We are establishing a permanent Financial Policy Committee inside the Bank of England to monitor overall risks in the financial system, spot dangerous inter-connections and stop excessive levels of leverage before it’s too late.
We are also abolishing the Financial Services Authority in its current form, and creating a new Prudential Regulation Authority with a focus on micro-prudential regulation. It will bring judgement to the vital task of regulating the soundness of individual firms that manage risk on their balance sheet, particularly banks and insurance companies.
But we recognise, of course, that the business model of an insurance company is different to that of a bank. This is why we are proposing to provide the PRA with a specific statutory objective for its insurance responsibilities. Insurance regulation will not take a back seat to deposit-taker regulation in the PRA.
The framework will also ensure the effective regulation of ‘with profits’ business.
Furthermore a new Financial Conduct Authority will oversee the conduct of financial services firms, the operation of markets and the protection of consumers with new powers to ban the sale of toxic products.
Of course, financial services are a global industry and regulation has to reflect that fact.
I particularly want to commend the work of the Geneva Association in feeding into the International Association of Insurance Supervisors work and shaping the debate on insurers and systemic risk.
We don’t believe that core Insurance activities are systemic but as we saw with AIG, there are instances where the Insurance sector can become closely intertwined with systemic problems in the financial system.
Of course that work also ties closely to the important role of the new European Insurance and Occupational Pensions Authority.
We are keen to work with EIOPA as it develops, and ensure that it delivers higher and consistent standards of supervision across the EU, and most importantly of all, helps create a level playing field across Europe.
By doing so, EIOPA can take a major step in completing a single market in insurance, creating new international opportunities for the UK sector.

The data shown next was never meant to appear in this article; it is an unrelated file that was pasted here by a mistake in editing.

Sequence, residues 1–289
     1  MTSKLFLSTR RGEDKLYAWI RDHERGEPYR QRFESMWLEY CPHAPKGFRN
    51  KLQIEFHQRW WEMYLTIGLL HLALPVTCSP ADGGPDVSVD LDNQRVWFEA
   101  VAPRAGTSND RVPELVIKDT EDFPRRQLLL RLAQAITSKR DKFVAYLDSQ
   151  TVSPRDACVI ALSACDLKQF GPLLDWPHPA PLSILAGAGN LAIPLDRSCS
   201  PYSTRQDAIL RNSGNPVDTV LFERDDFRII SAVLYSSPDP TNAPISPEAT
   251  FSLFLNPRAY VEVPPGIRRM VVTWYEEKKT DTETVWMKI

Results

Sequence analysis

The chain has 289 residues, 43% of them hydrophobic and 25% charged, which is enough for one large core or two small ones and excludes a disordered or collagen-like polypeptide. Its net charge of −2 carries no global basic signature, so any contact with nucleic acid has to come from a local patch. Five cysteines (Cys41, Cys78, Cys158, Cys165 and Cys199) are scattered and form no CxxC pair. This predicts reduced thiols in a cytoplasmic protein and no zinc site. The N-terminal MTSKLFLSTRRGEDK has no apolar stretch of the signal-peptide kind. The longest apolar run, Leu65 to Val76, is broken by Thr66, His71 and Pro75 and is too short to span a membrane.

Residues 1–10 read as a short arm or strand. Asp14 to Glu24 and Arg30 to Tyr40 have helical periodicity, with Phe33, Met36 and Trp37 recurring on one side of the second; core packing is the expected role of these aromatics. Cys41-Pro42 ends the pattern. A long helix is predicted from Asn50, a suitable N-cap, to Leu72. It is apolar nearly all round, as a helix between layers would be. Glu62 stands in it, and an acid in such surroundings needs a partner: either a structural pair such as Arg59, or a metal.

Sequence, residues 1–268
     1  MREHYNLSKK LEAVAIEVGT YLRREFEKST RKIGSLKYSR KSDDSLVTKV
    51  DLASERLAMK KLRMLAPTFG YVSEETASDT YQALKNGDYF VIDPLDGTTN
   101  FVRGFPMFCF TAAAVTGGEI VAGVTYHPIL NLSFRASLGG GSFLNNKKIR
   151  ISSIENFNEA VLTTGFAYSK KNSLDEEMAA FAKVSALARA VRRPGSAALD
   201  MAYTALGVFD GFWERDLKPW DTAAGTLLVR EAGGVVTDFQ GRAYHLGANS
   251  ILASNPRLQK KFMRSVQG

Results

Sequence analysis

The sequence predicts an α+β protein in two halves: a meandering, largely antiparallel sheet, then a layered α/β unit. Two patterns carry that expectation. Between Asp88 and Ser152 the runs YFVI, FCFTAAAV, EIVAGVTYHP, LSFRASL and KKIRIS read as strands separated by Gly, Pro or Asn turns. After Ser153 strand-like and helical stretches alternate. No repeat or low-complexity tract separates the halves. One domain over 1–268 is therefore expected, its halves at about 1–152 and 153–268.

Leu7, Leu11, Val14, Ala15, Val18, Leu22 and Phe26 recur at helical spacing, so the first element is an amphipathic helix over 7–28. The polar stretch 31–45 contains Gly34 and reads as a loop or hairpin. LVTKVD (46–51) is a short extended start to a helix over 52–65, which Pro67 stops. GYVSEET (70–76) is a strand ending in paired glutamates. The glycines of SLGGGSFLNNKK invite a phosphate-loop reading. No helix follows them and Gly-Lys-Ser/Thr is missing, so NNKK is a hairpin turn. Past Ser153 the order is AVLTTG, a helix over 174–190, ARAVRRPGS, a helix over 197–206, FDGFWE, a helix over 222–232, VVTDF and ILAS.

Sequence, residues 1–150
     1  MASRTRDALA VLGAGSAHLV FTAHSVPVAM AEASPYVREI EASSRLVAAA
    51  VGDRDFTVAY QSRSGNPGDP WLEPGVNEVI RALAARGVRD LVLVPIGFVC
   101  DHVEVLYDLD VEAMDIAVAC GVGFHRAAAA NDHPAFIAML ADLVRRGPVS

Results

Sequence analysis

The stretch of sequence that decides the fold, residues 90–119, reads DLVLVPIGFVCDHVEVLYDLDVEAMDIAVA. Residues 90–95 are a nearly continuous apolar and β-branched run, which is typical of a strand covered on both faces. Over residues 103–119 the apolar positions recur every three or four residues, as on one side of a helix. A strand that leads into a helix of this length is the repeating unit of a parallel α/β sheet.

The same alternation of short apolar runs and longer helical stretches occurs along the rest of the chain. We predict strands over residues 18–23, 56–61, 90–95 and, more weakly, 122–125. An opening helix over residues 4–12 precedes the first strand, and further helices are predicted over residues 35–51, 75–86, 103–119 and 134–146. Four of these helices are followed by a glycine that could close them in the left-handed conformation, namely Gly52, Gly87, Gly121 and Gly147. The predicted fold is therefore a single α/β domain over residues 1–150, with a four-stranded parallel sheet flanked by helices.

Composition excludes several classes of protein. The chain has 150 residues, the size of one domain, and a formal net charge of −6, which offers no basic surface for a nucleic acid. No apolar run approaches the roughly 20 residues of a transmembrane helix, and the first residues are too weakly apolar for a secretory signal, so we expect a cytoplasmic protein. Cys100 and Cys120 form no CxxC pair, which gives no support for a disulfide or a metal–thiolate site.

There is also an array of regulatory reform initiatives at the European level. None more important for the Insurance sector than Solvency 2.
We have been a strong supporter of Solvency 2. I firmly believe that it will help support financial stability in the sector and across the financial system through better risk-based capital requirement s and its focus on strong risk management in firms.
The UK has also ensured that Solvency 2 protects insurers’ role as a stable, long term provider for infrastructure through the “matching premium”. Indeed, as the Chancellor announced last week, we will also set up an Insurers’ Infrastructure Investment Forum to explore ways of attracting debt finance from the insurance sector in our country’s infrastructure needs.
We have also pressed for consistent and proportionate implementation of Solvency 2 to ensure a level playing field across Europe, whilst keeping our markets open to international competition and expansion.
That brings opportunities for UK firms to expand to new markets, to innovate and provide new products, and help lead a UK recover by exporting our insurance expertise and services.
Many UK firms already have a global footprint, and importantly have a strong presence in some of the fastest growing world economies. It is absolutely right that insurers look to long term opportunities in mature economies such as the US and Europe, but it is equally important that UK companies look to Emerging Markets.